Illustrator tutorial: Template layers in Illustrator

What you’ll learn in this Illustrator Tutorial:

  • Using template layers

This tutorial provides you with a foundation for working with Adobe Illustrator templatelayers. It is the eighth lesson in the Adobe Illustrator CS6 Digital Classroom book. For more Adobe Illustrator training options, visit AGI’s Illustrator Classes.

Adobe Illustrator Tutorial: Template layers in Illustrator

Template layers are locked, nonprinting layers that you can use to manually trace images. Template layers can come in handy when you want to trace a raster image by hand or you want to create artwork from the scan of a mock-up design. Template layers are dimmed so that you can easily see any paths you draw over the layer. When that illustration is placed in a layout application, like InDesign or QuarkXPress, the template layer does not show or print. Template layers can be created in two ways:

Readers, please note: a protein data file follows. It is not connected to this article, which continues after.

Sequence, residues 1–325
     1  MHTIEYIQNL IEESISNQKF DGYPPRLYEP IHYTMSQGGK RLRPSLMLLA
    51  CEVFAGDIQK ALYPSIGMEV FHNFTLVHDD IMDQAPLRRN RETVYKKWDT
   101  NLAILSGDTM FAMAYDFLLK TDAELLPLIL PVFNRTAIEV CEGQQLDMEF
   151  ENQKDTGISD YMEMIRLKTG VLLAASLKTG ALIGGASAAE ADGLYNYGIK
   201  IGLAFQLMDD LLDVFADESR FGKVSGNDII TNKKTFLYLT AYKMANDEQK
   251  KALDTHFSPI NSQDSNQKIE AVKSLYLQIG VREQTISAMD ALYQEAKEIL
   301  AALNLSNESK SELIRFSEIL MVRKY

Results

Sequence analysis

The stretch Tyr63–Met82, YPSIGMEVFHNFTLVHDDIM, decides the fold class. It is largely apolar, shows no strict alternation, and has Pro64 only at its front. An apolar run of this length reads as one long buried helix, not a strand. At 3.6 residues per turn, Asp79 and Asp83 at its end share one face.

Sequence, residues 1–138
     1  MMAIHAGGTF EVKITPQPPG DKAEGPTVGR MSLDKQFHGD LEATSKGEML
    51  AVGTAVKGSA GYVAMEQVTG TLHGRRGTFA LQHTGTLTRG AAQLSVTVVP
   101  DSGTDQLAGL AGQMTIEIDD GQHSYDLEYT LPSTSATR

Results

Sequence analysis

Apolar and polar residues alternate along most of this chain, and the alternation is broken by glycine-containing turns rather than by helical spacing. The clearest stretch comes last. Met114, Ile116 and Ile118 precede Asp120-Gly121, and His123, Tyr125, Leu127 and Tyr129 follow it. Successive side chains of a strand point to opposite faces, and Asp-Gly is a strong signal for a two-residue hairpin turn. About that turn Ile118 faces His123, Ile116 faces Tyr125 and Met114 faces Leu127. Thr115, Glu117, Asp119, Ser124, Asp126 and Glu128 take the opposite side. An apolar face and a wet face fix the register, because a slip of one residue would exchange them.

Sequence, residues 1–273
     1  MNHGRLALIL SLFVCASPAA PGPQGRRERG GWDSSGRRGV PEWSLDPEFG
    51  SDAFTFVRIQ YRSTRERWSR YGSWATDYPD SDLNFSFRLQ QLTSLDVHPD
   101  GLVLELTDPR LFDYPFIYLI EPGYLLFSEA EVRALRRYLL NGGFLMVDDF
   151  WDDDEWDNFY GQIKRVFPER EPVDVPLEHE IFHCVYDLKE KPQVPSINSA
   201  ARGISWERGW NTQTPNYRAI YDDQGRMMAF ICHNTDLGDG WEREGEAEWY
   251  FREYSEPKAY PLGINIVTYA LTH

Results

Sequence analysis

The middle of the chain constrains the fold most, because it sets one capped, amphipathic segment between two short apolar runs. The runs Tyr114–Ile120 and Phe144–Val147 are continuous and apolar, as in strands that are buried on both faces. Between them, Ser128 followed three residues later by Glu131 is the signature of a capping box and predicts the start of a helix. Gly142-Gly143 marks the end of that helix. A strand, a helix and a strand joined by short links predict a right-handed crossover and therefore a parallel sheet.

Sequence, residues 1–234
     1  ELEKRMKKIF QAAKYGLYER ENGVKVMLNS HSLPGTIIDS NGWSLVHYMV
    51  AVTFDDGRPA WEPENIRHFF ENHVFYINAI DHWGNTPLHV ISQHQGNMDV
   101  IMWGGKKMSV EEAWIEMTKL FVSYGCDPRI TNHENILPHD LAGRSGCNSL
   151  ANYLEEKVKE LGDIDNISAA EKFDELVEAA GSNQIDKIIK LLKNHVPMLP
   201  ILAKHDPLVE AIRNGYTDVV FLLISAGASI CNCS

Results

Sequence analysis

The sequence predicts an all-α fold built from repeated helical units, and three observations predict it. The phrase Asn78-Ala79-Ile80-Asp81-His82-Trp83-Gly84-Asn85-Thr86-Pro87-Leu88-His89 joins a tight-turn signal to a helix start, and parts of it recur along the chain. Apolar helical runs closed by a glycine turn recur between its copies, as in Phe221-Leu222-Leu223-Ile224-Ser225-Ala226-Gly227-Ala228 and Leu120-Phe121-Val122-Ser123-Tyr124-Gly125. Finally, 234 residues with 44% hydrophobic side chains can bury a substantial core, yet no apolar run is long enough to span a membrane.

The most common way to create a template layer is upon import, while placing raster artwork into Illustrator as a template. Select File > Place. In the Place dialog box, select the artwork you want to import and select the Template check box in the lower-left corner; then press Place. The file is placed on a locked layer and is dimmed to 50 percent by default, so that you can clearly see any paths you draw over it.

The second way to create a template layer is to convert an existing artwork layer into a template. Double-click a layer name in the Layers panel. In the Layer Options dialog box that appears, select the Template check box and press OK. The layers icon in the Visibility column changes from the Visibility icon () to a Template icon (), and the layer is automatically locked. If you convert vector artwork to a template layer, it will not be dimmed.

Converting a layer to a template layer allows you to
manually trace an image with ease.

Try converting the Large Fish layer to a template layer and trace it manually, using any combination of the path and shape drawing tools.